Why banks are hiking overdraft interest to 40% and how to get out of the red

BANKS are bringing in 40 per cent interest on overdrafts – double the rate on the average credit card.

The changes, agreed by industry regulator the Financial Conduct Authority (FCA), were meant to happen in April but were delayed by the coronavirus pandemic.

Now they are hitting just as furlough schemes come to an end and unemployment is spiralling.

The changes are causing concern and confusion, with millions worried they will be stung with extra fees.

How it affects you depends on how you use your overdraft and my table, right, gives an idea of whether you will pay more . . . or less.

But financial experts say most people will suffer.

Sarah Coles, personal finance analyst at Hargreaves Lansdown, says: “The FCA has given the go-ahead for unfair overdraft hikes that are a bitter blow for borrowers, who face a bleaker future.

“The FCA said there was competition in the market so people could shop around for a better deal.

‘Dip in and pay price’

“Unfortunately, we know this isn’t how people use overdrafts.

“Our research shows that one in ten people faced with an unexpected expense dip into their overdraft to cover the cost.

“They don’t research the cost and switch bank accounts first, they dip in and pay the price.”

Here is a guide to what is going on — and what you can do about it.


The FCA ordered banks to replace their daily and monthly overdraft fees with a simple interest rate so customers could compare borrowing costs more easily.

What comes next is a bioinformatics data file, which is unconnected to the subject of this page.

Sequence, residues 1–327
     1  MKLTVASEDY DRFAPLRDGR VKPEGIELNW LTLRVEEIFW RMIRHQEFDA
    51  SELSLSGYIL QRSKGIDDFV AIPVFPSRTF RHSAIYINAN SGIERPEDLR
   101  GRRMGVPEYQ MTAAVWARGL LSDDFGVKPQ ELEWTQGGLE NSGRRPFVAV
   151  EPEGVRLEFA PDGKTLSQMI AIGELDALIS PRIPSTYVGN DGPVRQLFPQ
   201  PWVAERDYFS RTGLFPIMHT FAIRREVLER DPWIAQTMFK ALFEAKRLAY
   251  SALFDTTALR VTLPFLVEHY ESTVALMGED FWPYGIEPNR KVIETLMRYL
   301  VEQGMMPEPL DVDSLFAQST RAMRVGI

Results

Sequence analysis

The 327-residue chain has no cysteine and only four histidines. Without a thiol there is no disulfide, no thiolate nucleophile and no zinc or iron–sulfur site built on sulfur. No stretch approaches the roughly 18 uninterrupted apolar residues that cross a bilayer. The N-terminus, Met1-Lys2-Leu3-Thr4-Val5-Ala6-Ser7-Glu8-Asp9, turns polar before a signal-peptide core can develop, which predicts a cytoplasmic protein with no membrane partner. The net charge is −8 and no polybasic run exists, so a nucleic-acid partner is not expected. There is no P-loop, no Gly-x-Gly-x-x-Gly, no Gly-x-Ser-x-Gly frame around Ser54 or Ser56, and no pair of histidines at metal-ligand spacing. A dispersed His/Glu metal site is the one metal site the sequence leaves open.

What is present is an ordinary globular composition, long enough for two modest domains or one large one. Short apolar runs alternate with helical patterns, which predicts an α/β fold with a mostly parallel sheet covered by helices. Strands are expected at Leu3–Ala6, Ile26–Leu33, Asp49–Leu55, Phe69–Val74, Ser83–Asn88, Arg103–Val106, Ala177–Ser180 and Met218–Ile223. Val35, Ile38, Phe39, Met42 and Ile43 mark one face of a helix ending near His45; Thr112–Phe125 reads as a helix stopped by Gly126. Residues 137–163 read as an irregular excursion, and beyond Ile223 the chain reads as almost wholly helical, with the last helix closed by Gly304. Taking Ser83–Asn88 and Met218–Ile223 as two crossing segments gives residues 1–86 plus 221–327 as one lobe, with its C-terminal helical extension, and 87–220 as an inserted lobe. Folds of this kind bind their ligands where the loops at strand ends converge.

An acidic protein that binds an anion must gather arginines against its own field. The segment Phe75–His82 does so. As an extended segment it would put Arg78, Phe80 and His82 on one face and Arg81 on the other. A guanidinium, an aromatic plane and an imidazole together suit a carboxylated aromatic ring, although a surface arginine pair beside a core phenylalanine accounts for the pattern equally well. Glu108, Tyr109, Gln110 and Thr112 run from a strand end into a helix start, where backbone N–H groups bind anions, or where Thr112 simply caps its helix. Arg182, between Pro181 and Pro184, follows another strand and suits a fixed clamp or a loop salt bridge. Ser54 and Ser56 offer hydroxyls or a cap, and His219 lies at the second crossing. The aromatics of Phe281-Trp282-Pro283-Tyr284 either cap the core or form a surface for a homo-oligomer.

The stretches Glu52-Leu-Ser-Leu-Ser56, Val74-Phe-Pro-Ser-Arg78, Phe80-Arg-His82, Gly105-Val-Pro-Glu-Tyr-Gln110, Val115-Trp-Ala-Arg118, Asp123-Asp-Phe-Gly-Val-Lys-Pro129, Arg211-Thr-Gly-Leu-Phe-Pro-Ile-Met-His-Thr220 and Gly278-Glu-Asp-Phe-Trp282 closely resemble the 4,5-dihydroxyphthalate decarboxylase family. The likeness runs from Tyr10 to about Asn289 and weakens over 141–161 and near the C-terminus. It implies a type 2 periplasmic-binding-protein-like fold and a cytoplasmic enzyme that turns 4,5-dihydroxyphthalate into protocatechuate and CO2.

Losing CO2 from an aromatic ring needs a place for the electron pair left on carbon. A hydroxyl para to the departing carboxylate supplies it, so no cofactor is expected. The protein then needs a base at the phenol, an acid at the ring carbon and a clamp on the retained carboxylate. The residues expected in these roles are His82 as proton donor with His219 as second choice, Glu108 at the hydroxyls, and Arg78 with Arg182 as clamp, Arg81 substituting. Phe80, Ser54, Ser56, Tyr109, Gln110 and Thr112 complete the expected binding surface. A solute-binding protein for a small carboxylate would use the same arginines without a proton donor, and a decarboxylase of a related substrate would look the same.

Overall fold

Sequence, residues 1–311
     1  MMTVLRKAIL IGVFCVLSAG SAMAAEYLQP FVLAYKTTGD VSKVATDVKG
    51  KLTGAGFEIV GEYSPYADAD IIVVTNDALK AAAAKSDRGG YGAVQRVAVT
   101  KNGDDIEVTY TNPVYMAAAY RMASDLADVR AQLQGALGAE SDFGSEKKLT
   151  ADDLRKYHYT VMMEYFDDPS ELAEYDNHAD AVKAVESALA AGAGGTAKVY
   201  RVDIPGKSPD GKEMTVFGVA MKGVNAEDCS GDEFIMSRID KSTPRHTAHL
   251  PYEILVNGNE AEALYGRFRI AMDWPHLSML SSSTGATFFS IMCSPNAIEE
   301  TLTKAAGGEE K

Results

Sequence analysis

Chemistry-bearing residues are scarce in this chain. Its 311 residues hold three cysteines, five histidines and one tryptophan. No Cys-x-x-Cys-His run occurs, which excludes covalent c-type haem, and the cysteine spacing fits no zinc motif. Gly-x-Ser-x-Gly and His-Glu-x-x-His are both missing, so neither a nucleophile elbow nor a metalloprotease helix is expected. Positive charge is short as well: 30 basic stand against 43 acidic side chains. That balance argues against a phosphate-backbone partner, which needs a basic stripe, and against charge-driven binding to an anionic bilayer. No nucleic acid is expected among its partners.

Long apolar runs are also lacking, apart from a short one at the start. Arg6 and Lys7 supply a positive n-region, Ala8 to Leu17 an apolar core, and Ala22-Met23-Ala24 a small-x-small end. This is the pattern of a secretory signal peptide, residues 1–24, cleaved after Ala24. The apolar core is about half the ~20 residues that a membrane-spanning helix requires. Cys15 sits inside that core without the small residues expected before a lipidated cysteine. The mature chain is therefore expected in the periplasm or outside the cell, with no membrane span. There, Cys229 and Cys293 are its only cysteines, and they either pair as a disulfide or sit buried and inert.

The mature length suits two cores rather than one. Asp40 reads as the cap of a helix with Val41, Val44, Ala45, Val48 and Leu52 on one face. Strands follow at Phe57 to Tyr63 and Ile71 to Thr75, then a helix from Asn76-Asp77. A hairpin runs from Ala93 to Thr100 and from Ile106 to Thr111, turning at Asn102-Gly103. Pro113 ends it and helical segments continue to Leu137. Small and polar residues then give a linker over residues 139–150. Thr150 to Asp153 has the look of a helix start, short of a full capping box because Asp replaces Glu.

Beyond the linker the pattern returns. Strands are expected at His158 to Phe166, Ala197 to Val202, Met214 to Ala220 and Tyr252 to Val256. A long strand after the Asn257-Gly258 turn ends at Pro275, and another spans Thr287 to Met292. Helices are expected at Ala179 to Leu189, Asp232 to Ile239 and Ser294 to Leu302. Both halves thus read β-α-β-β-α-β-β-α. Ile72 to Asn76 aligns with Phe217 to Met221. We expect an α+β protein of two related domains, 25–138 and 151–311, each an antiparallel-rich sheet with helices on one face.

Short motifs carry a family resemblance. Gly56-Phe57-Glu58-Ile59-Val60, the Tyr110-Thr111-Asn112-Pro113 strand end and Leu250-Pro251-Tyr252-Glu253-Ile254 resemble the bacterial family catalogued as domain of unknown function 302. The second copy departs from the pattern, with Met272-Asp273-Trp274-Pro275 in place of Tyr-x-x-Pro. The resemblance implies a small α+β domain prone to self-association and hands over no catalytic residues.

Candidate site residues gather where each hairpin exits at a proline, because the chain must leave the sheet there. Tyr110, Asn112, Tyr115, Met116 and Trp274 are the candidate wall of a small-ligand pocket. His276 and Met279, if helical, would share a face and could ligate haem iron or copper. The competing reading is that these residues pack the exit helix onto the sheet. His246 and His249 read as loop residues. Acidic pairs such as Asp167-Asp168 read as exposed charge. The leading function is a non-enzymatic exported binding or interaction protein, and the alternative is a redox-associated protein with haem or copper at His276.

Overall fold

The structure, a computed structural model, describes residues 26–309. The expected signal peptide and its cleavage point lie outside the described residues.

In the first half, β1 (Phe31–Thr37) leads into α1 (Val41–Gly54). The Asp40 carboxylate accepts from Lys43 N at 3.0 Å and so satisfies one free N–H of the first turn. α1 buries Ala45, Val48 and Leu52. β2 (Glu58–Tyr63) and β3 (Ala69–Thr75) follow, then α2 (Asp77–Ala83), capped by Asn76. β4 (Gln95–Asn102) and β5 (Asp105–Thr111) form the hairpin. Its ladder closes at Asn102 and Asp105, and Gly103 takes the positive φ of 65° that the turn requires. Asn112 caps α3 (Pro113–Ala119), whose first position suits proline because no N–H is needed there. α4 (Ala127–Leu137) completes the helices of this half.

But they were also told they cannot charge more for an unauthorised overdraft than an authorised one.

So most have upped their authorised overdraft rates to get round this. As a result, pretty much all banks started charging all overdraft users 40 per cent.

Lloyds and Halifax even began charging 49.9 per cent. For some, this has meant a major outlay.

When coronavirus hit the UK, the FCA delayed the measures, but now they are being introduced across the board, while some banks started last month.


For some, the changes have meant big fee rises, but others have seen a reduction due to flat charges being removed. For example, TSB charges 39.9 per cent but previously it charged 19.84 per cent plus a £6 monthly fee.

If you borrowed £250 for 21 days, you would pay £4.89 now, compared to £8.24.

But HSBC Advance customers, whose overdraft rates have increased from 17.9 per cent to 39.9 per cent, have not benefited.

For the same borrowing, they pay £4.89, instead of £2.38.


Whether or not the changes are beneficial to you personally, ask for help with your overdraft if you are struggling due to the impact of coronavirus.

If you have seen your income or expenses hit, ask for the first £500 of the overdraft to be interest-free and for a lower interest rate for three months.

All banks are managing the changes differently, so ring them up to check what help is available.


Examine your balance, overdraft limit and bank statements to understand how much money is owed. Draw up a budget to see where savings can be made.

As well as cutting back spending, transfer the debt elsewhere to prevent paying any interest.